The head of property group Kennedy Wilson Europe has said it has been "business as usual" for the company and its UK tenants since the Brexit result while also predicting that Dublin could benefit from some companies relocating their operations.
Speaking to The Irish Times, Mary Ricks, KWE's president and chief executive, said KWE had signed nine leases in the UK following the Brexit result. In addition, it was not exposed to financial tenants in the City of London or Canary Wharf.
“We’re excited about how our leasing has gone, it’s been robust and on the sales side we’ve sold 68 assets, three of them post the vote and we’ve hit our £300 million disposal programme,” she said.
The London-listed fund said income derived from its Irish portfolio declined during the first half of 2016, falling from £73.9 million (€87 million) to £69 million (€81 million).
Irish-derived rental income totalled £19 million at the end of June, compared with £13 million for the same period a year earlier. Hotel revenue was unchanged at £2.8 million.
In terms of the impact of Brexit for KWE's Irish business, Peter Collins, a Dublin-based senior executive with the company, acknowledged that it carried "some risks for the overall Irish economy" but said Dublin, "certainly in the short to medium term, might be the beneficiary".
“It would be our expectation that Dublin could pick up some incremental business and that would be positive for our office and our residential business,” he said.
Mr Collins said there were no active discussions under way with potential tenants. “It’s too early to see any discussions or negotiations just yet. But we would expect to be a short-term beneficiary on the office and residential side.”
After the half-year end, KWE completed a lease deal with Bank of Ireland for Baggot Plaza and began letting apartments in Block K of its Vantage development near Leopardstown. Ms Ricks said those two assets would add £9 million annually to the company's bottom line.
“We’re very pleased with that result,” she said.
Staying in London
KWE has its own regional headquarters in London, with certain functions being performed in Dublin. But Ms Ricks said the company was not looking to relocate its London operations to Dublin following the Brexit vote.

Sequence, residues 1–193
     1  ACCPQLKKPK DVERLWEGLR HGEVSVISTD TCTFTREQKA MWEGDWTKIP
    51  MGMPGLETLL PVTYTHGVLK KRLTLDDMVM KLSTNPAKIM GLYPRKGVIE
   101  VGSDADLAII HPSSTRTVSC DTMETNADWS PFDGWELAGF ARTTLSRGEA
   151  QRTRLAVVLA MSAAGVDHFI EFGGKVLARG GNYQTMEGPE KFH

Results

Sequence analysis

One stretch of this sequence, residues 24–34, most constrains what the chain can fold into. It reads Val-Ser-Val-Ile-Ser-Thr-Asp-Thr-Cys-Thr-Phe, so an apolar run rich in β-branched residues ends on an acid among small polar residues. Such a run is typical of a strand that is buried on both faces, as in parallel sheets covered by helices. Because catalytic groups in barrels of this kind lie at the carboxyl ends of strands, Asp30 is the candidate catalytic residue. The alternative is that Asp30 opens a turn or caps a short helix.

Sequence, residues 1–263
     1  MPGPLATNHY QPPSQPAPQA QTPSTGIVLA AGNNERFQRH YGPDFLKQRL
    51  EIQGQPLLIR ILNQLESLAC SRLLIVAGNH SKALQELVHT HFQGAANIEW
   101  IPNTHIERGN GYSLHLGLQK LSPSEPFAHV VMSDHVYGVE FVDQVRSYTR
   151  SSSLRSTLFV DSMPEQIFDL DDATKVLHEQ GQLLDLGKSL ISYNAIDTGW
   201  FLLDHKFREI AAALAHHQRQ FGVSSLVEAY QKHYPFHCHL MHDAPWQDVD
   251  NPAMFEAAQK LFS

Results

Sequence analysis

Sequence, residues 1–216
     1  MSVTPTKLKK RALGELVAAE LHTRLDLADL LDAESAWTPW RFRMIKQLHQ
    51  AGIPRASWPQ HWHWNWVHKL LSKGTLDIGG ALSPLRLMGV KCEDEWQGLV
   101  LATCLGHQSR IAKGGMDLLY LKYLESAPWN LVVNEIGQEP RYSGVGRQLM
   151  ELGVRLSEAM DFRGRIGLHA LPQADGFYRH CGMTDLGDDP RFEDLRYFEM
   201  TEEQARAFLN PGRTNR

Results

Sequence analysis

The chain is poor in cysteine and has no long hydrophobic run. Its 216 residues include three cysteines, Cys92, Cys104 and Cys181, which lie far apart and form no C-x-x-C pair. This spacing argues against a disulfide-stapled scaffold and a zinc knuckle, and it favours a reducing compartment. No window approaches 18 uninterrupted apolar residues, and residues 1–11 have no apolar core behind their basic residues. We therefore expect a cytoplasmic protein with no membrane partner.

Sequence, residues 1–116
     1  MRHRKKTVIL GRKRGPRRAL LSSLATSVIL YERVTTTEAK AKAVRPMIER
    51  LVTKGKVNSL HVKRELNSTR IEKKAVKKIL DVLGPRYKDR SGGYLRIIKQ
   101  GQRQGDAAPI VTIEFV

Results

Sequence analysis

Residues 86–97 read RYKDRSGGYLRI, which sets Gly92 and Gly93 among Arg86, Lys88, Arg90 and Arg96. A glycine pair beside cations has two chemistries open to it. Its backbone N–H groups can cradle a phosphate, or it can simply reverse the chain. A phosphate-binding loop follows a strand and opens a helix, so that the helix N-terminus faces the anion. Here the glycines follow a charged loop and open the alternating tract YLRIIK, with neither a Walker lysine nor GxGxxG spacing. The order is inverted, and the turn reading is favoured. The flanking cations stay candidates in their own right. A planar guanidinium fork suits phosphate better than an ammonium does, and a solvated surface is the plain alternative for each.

“We’re paying out in sterling and we’re going to be always headquartered in London,” she said.
Ms Ricks said Ireland’s projected economic growth of 3-5 per cent a year in the near term was “pretty stellar”.
“It’s the fastest-growing economy in Europe and I would say we’re pretty fired up about it still.”
Mr Collins confirmed KWE is developing a plan for a mix of retail and residential on the 2.2-acre Leisureplex bowling alley site in Stillorgan, south Dublin, which it acquired in April for £11.9 million. This is directly opposite the Stillorgan Shopping Centre, which KWE also owns.
“That site is zoned mixed use, so it would seem to us that the most obvious uses would be a combination of retail and rented residential. We haven’t gone in for planning yet but we’ll be developing our plans in the coming months.”
The company, which also operates in Italy and Spain, saw its adjusted net asset value rise 5.1 per cent to €1.2 billion over the first half.
Group net operating income rose 35 per cent to £78.7 million in the first six months of the year.
Its portfolio was valued at £3 billion with annualised net operating income of £161 million, a 95 per cent occupancy rate and weighted average unexpired lease term of seven years at the end of June.
Ireland accounted for 30 per cent of the value of KWE’s portfolio in the first half of the year and 22 per cent of its income.
Bank of Ireland (at £3.8 million) and Irish law firm Mason Hayes & Curran (£2.8 million) are among KWE's top 10 clients in terms of lease income.
Five Irish assets feature in its top 10. These are: Baggot Plaza, 40/42 Mespil Road, Russell Court, Vantage/Central Park and the Stillorgan Shopping Centre.